Job-Seekers Hunt for Flexibility at Ohio To Work Job Fair

AUSTINTOWN, Ohio – Melicia White went from business to business, going beyond the job description for the some 30 job-seekers she represents for Compass Family and Community Services.

The employment specialist for Compass was among the 40 job-seekers and employment agency representatives attending an Ohio To Work Mahoning Valley hiring event Thursday, presented in partnership with the Mahoning Valley Manufacturers Coalition, Youngstown/Warren Regional Chamber, TeamNEO and JobsOhio. The five-hour event was held at Hollywood Gaming at the Mahoning Valley Race Course.

White and three of her Compass coworkers are trying to capitalize on the plethora of employment opportunities by finding good fits for their clients. They talked with employers about the workplace environment, flexibility with hours, thoughts on those with criminal histories, educational skill levels and much more. 

Getting from home to the workplace is the biggest challenge for White’s clients, she says. She’s encouraged by some employers’ flexibility with part-time positions and willingness to consider those with criminal histories on a case-by-case basis, as well as training offered by employers. 

White works with people of all ages and backgrounds with some having criminal histories, mental illness or other setbacks, she says. Employers are willing to have Compass provide a personal job trainer or do short-term stints such as an internship to get the client acclimated to a position.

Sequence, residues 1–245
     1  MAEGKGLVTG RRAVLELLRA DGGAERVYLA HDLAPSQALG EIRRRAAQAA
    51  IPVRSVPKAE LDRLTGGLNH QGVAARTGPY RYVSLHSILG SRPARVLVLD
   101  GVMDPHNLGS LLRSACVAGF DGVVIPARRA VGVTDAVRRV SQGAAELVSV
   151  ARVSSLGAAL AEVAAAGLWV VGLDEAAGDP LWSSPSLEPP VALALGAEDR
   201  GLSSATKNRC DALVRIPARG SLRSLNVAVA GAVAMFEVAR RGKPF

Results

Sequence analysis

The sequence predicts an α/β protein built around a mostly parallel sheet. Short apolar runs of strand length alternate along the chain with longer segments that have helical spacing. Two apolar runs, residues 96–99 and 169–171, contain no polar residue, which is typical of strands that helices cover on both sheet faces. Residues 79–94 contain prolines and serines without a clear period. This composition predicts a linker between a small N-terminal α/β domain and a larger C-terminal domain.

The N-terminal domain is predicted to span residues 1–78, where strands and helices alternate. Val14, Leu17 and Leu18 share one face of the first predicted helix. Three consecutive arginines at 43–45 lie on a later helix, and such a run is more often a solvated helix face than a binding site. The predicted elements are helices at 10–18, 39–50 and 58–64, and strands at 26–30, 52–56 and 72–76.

“There’s a lot more flexibility that’s going to help with everyone being able to get in the door and find employment,” White says.

Timothy Yauger has a couple misdemeanors convictions from five years ago on his record, which he says has prevented him from being hired. During the job fair, he spoke with representatives from manufacturers such as Brilex Industries Inc., Ventra Salem and Vallourec, and hopes to find a company that provides good benefits, retirement options and an opportunity to grow professionally, he says.

“A lot of the guys I talked to today said they’re willing to work with me on it because they know everybody has a past,” Yauger says. “I found a couple of promising jobs that I feel like I’m going to be starting here real soon.”

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Gallery images include Wasilwa Mwonyonyi and John-Michael Oliver from the National Center for Urban Solutions, Kristy Gore and Barbara Lorenzini from Mercy Health, job-seeker Timothy Yauger, MVMC’s Julie Michael Smith, Tadarrelle Lett of Youngstown Area Goodwill Industries, and Phyllis Santangelo from General Extrusions.

The Ohio To Work initiative is a statewide project that was developed by JobsOhio, the state’s private economic development agency, as a way to connect job seekers to companies seeking employees. On Dec. 9, there were 30 organizations represented at the job fair.

“We know the past several years it’s been a challenge for companies to attract job seekers,” says Julie Michael Smith, MVMC project manager. “Here in the Mahoning Valley almost every company is looking for employees.”

Similar events in Columbus typically draw some 70 job-seekers, she notes.

“The Ohio to Work initiative focuses on those industries that are offering employment opportunities for individuals that are well-paying positions, offer a career path and opportunity for advancement. So we’re specifically focusing on manufacturing, health care and technology-related jobs within the Ohio to Work initiative,” Smith says.

Those who missed this event or want to learn more about the Ohio to Work initiative can visit and select Mahoning Valley. There are more hiring events planned for 2022.

Bridging the disconnect between employers and job seekers